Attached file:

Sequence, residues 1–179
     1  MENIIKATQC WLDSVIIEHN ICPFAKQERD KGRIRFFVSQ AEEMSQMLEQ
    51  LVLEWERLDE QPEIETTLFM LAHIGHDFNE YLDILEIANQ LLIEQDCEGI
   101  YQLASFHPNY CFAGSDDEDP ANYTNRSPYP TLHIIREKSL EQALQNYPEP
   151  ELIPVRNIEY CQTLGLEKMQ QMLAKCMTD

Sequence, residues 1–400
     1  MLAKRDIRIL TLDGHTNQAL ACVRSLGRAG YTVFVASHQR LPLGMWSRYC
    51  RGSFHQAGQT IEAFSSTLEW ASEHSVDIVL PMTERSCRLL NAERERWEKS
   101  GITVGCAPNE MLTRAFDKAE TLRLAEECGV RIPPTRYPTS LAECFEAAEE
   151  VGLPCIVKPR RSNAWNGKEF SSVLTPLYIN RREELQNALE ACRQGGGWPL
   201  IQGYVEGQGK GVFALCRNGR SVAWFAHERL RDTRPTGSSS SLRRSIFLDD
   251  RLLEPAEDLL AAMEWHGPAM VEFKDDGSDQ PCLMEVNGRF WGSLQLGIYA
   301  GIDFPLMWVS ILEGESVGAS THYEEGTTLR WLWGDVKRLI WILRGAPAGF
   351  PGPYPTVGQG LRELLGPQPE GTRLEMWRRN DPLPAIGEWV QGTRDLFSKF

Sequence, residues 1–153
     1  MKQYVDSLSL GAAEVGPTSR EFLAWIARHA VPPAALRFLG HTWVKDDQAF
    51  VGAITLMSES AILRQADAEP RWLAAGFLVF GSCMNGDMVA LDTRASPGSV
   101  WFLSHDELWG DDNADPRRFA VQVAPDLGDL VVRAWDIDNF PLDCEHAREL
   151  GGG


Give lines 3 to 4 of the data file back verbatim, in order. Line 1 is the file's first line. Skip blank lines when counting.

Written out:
    51  LVLEWERLDE QPEIETTLFM LAHIGHDFNE YLDILEIANQ LLIEQDCEGI
   101  YQLASFHPNY CFAGSDDEDP ANYTNRSPYP TLHIIREKSL EQALQNYPEP